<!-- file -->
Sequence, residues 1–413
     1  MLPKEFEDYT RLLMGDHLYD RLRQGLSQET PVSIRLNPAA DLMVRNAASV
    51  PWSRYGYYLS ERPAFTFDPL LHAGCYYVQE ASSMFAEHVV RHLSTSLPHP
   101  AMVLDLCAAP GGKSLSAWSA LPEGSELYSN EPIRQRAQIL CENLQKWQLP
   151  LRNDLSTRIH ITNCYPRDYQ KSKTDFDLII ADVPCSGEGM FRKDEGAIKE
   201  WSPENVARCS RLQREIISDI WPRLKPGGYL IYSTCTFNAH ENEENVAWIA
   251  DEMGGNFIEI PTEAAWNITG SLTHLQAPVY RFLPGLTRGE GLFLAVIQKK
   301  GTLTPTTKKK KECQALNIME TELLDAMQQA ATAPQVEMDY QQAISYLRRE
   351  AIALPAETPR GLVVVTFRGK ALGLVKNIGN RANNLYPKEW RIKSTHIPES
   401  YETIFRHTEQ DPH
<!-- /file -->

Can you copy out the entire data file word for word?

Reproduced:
Sequence, residues 1–413
     1  MLPKEFEDYT RLLMGDHLYD RLRQGLSQET PVSIRLNPAA DLMVRNAASV
    51  PWSRYGYYLS ERPAFTFDPL LHAGCYYVQE ASSMFAEHVV RHLSTSLPHP
   101  AMVLDLCAAP GGKSLSAWSA LPEGSELYSN EPIRQRAQIL CENLQKWQLP
   151  LRNDLSTRIH ITNCYPRDYQ KSKTDFDLII ADVPCSGEGM FRKDEGAIKE
   201  WSPENVARCS RLQREIISDI WPRLKPGGYL IYSTCTFNAH ENEENVAWIA
   251  DEMGGNFIEI PTEAAWNITG SLTHLQAPVY RFLPGLTRGE GLFLAVIQKK
   301  GTLTPTTKKK KECQALNIME TELLDAMQQA ATAPQVEMDY QQAISYLRRE
   351  AIALPAETPR GLVVVTFRGK ALGLVKNIGN RANNLYPKEW RIKSTHIPES
   401  YETIFRHTEQ DPH